The guy UCLA is hoping can someday fulfill that need in the 2015 class is Keisean Lucier-South (Pictured above), the five-star prospect verbally committed to UCLA from Orange (Calif.) Lutheran, who projects to play the Anthony Barr hybrid role. You can’t expect him to have much of an impact next season, since he’ll more than likely have to get bigger and stronger before he makes an impact, and being able to put on weight and strength is one of the concerns with Lucier-South. He does have good athleticism and quickness off the edge – and that is his forte, so UCLA is taking Lucier-South with the hope that he is, in fact, the Anthony Barr of UCLA’s future. Having him committed is a huge recruiting coup for 2015.

In the 2015 class, UCLA has a commitment from a defensive end, Rick Wade, the 6-6, 240-pound prospect from Rancho Santa Margarita (Calif.) Santa Margarita. Wade looks like he’s going to be a very good player on the next level, but we’d project him more as a Owamagbe Odighizuwa type, probably a three-technique, with some pass-rush ability but not necessarily that greatly explosive type.

Jeff Holland
Cassius Peat, the 6-4, 240-pounder from Tempe (Ariz.) Corona Del Sol, was verbally committed to UCLA but then opened up his recruitment Tuesday after an in-home visit with hometown ASU. UCLA will continue to have a chance with Peat, but it’s thought that ASU is going to be difficult to beat. Peat, though, is probably along the same lines as Wade in the role he’d provide, and would probably end up a hands-down defensive end rather than the hybrid, especially since, with his bloodlines, you’d have to expect he’s going to fill out considerably.

Tyrone Wheatley, from Bufflalo (New York) Canisius, is a guy we reall like, with his length and athleticism. He projects as a defensive end and has the potential to be an Owa-level pass rusher, if he does, indeed, end up on the defensive side of the ball, being also recruited as a tight end.

UCLA is recruiting Jeff Holland, the 6-3, 230-pound linebacker prospect from Jacksonville (Fla.) Trinity Christian. Holland is probably one of the best pure pass-rushing outside linebackers we’ve seen on film, and probably the guy left on UCLA’s recruiting board at that hybrid spot that would have the best shot of being an impact pass rusher. If UCLA got him he would greatly enhance UCLA’s odds of finding the guy to upgrade the production of that hybrid spot over the next several years.

The big recent development with Osa Masina, the 6-4, 240-pound prospect from Salt Lake City (Utah) Brighton, is that he now has USC as his leader after his official visit there last weekend, after UCLA was known to be his leader for a while. Despite reports that he’s verbally committed to USC, we have it on pretty good authority that the recruitment isn’t over yet. Masina doesn’t necessarily project as the pass-rushing type, perhaps more of a Myles Jack-type, with great back pedal and ability to move laterally, but the five-star prospect is probably talented enough to fulfill that Barr role, too.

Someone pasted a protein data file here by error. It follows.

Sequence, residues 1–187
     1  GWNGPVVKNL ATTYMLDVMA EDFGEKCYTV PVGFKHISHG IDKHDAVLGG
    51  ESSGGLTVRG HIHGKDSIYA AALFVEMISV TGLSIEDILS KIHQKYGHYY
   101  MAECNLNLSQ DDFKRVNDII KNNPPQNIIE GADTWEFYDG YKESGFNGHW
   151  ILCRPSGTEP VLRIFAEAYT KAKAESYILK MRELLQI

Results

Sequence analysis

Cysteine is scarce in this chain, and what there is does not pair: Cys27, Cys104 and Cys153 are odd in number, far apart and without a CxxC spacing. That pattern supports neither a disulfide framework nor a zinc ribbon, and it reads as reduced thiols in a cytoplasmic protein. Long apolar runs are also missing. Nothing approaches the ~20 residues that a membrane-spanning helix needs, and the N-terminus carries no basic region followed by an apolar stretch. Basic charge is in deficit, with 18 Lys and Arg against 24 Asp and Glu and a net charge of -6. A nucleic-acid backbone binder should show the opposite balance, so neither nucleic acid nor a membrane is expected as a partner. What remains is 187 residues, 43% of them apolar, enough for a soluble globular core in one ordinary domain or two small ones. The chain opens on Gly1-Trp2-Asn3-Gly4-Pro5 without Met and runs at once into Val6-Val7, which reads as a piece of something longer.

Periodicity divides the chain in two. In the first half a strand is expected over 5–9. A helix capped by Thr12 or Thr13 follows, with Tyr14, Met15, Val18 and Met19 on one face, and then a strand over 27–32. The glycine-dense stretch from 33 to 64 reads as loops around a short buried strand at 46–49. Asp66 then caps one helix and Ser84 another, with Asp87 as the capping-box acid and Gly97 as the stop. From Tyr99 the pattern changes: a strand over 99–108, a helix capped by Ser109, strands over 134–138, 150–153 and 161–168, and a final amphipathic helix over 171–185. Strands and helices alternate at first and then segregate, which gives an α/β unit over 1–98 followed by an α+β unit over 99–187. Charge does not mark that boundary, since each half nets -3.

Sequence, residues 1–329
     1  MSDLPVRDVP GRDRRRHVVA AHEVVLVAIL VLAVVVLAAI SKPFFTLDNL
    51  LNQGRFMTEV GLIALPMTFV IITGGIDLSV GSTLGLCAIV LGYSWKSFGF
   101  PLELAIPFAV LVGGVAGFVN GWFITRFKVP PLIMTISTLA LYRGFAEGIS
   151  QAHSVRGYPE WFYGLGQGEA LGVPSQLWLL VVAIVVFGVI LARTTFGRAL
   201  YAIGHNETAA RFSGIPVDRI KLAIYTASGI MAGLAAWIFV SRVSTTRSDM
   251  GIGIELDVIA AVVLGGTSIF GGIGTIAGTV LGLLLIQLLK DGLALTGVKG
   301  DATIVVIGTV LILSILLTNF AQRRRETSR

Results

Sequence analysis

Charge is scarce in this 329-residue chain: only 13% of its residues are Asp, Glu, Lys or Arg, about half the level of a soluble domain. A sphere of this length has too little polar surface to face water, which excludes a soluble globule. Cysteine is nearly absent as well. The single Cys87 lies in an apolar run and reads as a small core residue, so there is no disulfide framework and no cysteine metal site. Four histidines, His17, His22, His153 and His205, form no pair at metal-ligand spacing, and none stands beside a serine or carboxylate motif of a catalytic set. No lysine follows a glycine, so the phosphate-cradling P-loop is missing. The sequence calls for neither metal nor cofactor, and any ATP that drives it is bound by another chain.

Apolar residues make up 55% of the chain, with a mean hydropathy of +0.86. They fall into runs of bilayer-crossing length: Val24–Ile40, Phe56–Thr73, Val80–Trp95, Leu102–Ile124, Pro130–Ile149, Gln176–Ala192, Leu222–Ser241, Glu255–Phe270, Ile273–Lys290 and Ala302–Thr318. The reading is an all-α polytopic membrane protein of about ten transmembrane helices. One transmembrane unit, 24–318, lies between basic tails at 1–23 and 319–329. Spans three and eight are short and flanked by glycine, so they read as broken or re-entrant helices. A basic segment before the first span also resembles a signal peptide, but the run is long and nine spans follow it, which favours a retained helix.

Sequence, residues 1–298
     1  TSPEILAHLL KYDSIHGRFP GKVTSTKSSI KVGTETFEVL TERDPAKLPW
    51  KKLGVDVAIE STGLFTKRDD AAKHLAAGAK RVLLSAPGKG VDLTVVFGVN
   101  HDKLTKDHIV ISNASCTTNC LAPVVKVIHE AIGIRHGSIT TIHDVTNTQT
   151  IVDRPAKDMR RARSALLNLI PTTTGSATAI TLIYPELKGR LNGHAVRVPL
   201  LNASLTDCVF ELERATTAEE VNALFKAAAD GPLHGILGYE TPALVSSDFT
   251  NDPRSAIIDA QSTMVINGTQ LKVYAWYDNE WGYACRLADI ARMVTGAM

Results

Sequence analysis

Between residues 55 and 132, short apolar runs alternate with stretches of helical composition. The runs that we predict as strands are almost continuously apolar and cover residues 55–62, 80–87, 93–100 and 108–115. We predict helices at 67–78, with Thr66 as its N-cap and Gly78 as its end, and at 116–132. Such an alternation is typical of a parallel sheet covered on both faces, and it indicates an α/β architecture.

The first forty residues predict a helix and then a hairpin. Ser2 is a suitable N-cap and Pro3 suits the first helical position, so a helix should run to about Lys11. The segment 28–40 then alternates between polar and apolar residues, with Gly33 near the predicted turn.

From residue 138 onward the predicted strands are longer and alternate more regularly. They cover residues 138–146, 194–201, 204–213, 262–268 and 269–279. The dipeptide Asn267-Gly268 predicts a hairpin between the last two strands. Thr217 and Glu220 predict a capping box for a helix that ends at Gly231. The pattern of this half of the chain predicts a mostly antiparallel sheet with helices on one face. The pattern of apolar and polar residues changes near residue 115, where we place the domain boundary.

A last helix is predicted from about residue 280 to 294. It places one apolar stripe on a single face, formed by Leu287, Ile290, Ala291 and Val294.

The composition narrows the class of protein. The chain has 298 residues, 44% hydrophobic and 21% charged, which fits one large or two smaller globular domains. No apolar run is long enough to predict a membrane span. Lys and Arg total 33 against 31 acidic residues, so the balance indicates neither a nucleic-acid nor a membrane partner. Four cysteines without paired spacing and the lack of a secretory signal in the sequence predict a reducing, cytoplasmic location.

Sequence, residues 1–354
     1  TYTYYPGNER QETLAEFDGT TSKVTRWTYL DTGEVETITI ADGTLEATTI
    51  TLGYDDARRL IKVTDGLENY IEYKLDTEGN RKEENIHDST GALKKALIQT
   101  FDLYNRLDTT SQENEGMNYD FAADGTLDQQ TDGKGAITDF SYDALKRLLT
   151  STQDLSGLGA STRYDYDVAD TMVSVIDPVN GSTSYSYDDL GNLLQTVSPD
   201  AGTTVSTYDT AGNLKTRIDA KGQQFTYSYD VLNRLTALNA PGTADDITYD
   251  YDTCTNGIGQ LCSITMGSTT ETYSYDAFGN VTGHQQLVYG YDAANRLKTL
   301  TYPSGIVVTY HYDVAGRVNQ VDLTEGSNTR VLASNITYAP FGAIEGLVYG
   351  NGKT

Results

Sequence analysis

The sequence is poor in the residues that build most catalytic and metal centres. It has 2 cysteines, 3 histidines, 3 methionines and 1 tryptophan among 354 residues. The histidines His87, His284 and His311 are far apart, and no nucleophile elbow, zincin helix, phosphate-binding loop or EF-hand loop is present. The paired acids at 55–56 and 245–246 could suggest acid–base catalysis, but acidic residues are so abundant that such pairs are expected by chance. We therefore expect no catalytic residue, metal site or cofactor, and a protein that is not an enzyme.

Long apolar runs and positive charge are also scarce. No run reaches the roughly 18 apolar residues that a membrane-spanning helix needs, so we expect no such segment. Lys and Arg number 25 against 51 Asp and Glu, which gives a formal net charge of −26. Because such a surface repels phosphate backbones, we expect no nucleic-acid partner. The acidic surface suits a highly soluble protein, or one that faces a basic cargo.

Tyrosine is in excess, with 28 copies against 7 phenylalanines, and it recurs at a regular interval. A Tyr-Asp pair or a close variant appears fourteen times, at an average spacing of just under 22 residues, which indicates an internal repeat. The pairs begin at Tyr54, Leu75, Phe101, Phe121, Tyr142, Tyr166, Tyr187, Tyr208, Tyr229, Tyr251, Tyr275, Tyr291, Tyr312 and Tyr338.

Two guys we really like as potentially great pass rushers of the future are Joseph Wicker, the 6-3, 275-pounder from Long Beach (Calif.) Poly, and Benning Potoae, the 6-4, 265-pounder from Lakewood (Wash.) Lakes. Wicker probably projects inside, with a wide body that will probably only get bigger, and he has great quickness for his size, and a knack for penetrating and getting to the quarterback. Potoae, despite being very big already, looks quite at home beating blockers on the edge, with some exceptional fast-twitch. UCLA is doing very well with both Wicker and Potoae, probably leading for Wicker and neck-and-neck with Washington for Potoae.

There’s another dimension, too, to UCLA potentially boosting its pass rush. It’s very feasible for UCLA’s scheme to feature a true linebacker. Junior-to-be linebacker Jayon Brown has a knack for pass rushing, and we’ll be very interested this spring to also monitor the development of Cameron Judge and Cameron Griffin, the big athlete who sat out last season due to a knee injury. Committed linebacker Josh Woods, from Upland (Calif.), has shown a talent for rushing the passer in high school, too. He might not be able to fulfill that role next season, but there’s potential to exploit his talent for it down the road. UCLA had just four sacks other than those by defensive linemen (and Hollins), so upgrading the pass-rushing ability of the linebackers could be a key element.

We don’t necessarily see someone from the 2015 class coming in and immediately supplying a big boost to UCLA’s pass rush for the 2015 season. Holland, actually, might be the most physically ready but it’d still be a stretch since he’s pretty raw; Lucier-South is probably at least a year of development away; Masina, we think, too, is probably physically not ready and, as we said, could be better suited in a Myles-Jack type of role; Wade is advanced enough to come in and play next season, but probably at about the same back-up-role level we saw from Tuioti-Mariner this year. More than likely, UCLA will have to get a better pass rush in 2015 from an improved McKinley, Hollins, Orjioke, Vanderdoes and even Tuioti-Mariner. The best thing about that, too, is all of them not only return for 2015 but also 2016 (unless someone leaves early). But looking further down the road, UCLA has a very good chance of upgrading its pass rush with Lucier-South, if it adds Wicker and/or Potoae, and especially Holland.

Coming Soon:
-- Keeping Talent Flowing in on the Offensive Line/Defensive Line
-- Speed/Playmaking Ability at Wide Receiver
-- True Tight End
-- Lock-down Cover Corner

Bruin Report Online Top Stories